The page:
Skin changes are part of normal aging, but sometimes changes to the skin provide us with early warning of impending medical problems. Heading into warmer weather, this is an ideal time to become more aware of those early warning signs of skin cancer.
Sun exposure is the main risk of skin cancer, especially frequent sunburns in childhood. In addition to wrinkles, there are other common skin changes due to sun exposure. There are four main sun-related changes to keep an eye on.
Perhaps the most common skin change is seborrheic keratosis, or SK for short. These are not felt to be premalignant but are a marker of sun exposure in general. They have a brown, waxy, “stuck on” appearance. These are generally associated with aging – they are often called ‘wisdom’ spots – and they do run in families.
The most ‘benign’ form of skin cancer is basal cell carcinoma. These usually occur only in sun-exposed area and have the appearance of a non-healing, reddish ulcer with curled up edges – like a small volcano. They are slow growing and can be cured with early local excision alone. The Victorian name for these was ‘rodent’ ulcers because it was believed that mice might have chewed on the skin.
The next somewhat more aggressive skin cancer is squamous cell cancer of the skin. These also generally occur only in sun-exposed areas such as the scalp, nose, cheeks and ear tips and are slow growing. They are flat, reddish scab-like plaques – basically, “a scab that never heals”. If left untreated for a long time, these can spread to lymph nodes, rarely other places in the body. Caught early, local removal is all that is needed.
The most feared skin cancer is malignant melanoma. These are generally blackish moles that grow over time and in some cases at very early stages they can spread (metastasize) throughout the body. There is a worldwide epidemic of melanoma, especially in high sun areas such as Australia, South Africa and the Southwest United States where fair-skinned people have settled and are not able to fight sun exposure.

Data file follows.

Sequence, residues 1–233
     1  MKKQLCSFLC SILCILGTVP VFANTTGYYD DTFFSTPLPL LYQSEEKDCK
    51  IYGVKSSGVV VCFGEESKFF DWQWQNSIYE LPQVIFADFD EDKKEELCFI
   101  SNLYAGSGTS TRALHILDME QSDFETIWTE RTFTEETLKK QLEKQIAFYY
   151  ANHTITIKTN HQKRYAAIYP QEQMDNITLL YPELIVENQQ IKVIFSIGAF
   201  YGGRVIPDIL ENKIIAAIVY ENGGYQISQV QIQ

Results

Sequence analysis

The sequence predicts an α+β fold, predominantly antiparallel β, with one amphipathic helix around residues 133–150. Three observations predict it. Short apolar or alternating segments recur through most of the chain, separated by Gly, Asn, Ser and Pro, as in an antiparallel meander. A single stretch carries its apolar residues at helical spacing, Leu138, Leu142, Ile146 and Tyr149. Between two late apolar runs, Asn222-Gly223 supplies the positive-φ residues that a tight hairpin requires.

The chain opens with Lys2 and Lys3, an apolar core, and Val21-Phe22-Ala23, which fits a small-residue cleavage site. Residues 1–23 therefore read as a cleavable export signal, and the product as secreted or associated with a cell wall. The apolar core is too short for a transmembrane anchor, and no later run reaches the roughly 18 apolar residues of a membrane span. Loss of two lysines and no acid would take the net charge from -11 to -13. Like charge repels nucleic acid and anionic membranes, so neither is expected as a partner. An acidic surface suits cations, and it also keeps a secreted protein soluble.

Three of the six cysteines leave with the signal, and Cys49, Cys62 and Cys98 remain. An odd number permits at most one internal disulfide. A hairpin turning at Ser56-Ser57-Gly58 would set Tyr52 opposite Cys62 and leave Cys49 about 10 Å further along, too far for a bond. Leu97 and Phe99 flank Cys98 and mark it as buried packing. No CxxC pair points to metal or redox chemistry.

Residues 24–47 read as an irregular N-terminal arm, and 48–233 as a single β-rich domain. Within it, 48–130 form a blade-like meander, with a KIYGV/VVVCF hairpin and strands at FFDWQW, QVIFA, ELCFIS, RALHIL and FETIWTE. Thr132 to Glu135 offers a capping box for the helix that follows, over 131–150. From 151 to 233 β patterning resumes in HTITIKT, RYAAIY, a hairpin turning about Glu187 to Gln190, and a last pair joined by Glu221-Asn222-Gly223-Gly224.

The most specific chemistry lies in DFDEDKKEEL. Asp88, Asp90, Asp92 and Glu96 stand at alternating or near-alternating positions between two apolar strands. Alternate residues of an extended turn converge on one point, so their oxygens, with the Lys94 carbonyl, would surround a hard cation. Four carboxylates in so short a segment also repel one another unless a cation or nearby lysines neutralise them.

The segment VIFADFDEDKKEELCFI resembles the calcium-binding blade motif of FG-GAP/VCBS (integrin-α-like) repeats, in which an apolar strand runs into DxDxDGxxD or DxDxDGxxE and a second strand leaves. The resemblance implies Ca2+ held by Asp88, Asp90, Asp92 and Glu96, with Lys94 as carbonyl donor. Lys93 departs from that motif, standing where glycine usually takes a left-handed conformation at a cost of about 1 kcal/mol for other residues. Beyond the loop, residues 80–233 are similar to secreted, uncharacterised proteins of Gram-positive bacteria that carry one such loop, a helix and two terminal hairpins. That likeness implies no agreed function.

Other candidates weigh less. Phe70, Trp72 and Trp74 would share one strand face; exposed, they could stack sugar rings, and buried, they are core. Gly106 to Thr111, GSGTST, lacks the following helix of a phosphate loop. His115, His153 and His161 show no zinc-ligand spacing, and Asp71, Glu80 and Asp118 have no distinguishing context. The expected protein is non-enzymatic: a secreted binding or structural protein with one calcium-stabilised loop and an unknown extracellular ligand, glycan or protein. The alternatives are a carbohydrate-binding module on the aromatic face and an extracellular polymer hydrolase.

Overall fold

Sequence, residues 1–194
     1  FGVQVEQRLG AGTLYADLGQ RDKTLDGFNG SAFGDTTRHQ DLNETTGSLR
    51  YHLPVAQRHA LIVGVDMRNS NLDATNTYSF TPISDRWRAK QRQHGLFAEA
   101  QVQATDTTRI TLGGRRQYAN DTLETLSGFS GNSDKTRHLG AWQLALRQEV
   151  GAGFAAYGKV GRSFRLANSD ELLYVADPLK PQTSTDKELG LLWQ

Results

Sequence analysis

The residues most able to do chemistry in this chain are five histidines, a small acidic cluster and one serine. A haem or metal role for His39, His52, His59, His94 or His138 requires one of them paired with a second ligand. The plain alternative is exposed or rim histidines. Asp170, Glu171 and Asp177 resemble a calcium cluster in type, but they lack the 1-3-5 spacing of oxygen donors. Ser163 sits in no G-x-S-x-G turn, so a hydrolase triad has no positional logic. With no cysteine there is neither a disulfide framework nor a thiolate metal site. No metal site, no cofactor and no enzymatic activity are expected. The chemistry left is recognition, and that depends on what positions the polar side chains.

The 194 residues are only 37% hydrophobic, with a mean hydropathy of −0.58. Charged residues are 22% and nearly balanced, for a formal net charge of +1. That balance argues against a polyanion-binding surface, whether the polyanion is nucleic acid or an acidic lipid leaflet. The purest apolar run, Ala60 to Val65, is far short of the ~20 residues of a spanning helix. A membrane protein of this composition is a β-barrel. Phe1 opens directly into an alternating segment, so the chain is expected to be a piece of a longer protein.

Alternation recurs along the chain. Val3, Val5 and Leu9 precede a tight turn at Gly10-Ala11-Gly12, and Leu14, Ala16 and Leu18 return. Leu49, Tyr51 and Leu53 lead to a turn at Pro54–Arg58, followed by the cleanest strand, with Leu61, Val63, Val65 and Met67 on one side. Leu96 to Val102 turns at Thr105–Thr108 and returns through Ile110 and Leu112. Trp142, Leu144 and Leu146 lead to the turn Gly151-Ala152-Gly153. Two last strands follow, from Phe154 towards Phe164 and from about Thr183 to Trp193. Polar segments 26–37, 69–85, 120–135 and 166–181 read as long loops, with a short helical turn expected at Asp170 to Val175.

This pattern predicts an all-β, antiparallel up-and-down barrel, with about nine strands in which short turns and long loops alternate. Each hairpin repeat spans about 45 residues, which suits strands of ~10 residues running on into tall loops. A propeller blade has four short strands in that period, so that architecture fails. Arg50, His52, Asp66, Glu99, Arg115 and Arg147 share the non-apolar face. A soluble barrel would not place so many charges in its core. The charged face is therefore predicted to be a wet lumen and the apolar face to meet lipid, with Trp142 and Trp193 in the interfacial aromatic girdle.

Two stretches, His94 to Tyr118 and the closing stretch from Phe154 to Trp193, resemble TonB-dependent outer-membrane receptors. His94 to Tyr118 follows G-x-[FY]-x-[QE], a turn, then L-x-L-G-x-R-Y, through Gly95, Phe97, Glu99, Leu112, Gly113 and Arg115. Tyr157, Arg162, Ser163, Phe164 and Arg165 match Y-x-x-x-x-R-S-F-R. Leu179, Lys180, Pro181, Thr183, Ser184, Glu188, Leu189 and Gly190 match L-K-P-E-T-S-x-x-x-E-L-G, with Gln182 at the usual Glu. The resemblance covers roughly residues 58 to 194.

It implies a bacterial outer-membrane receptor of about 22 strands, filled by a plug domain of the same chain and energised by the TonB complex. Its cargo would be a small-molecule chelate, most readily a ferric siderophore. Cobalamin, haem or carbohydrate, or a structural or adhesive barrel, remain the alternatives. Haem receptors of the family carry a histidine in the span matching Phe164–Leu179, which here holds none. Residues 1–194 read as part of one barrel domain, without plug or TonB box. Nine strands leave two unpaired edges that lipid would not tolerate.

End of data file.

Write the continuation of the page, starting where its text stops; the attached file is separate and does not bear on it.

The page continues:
Learn more about the different types of skin cancer.
Standard chemotherapy is minimally effective in the treatment of melanoma; however, there has been an amazing amount of progress in the treatment of melanoma over the last 5 years with the explosion of immune therapy.
In the past, the observation was made that on rare occasion melanoma tumors would spontaneously regress on their own after a period of inflammation and vitiligo (white skin) around the tumors. Also in many cases, inflammatory white cells called lymphocytes were seen inside of tumors. In the 1980s, at the National Cancer Institute, Dr. Rosenberg started experimenting with growing tumor infiltrating lymph cells in the lab and re-injecting them into patients. For the first time, a few complete responses with the disappearance of all disease were seen in some patients and the responses were durable, or long-lasting. Further studies demonstrated that immune hormones such as interferon and interleukin-2 were somewhat effective in treating melanoma.
Over the last few years, the precise understanding of the process of immunity in melanoma has been revealed. Many melanoma tumors, (and other cancers, including lung and kidney cancers) have been found to cloak themselves from the immune system by secreting proteins around the tumor cells (CTLA-4 and PDL-1). This makes the tumor cells invisible to the immune system.
The new drugs that block the cloaking mechanism are called “immune-check-point” inhibitors. There are more than the initial three drugs on the market — ipilimumab (Yervoy), nivolumab (Opdivo) and pembrolizumab (Keytruda) — and many more to come. Depending on the setting, these can lead to complete responses in 20% -50% of patients and survivals in the 2-3 year range or longer. Our former president, Jimmy Carter was treated for brain metastasis from melanoma with one of the drugs and is now in complete remission almost a year later.
At the end of the day, prevention is still the key to preventing skin cancer. Moderate sun exposure is okay; 30-60 minutes per day and not at high-noon in the summer. Simple measures include covering up, wearing a hat with a brim and applying sunscreen – 30 SPF or better.
If you suspect a change in your skin is problematic, early recognition and evaluation by your primary care doctor or dermatologist is recommended. Based on the stage of cancer and other factors, your treatment options might include surgery, immunotherapy, targeted therapy, chemotherapy or radiation therapy.
Dr. Christopher Seidler is the medical director for The Cancer Center at Harrington. He was formerly an Associate Clinical Professor of Medicine, Department of Hematology/Oncology at UMass Medical Center and has won the Susan Komen Research Award, among many other accomplishments.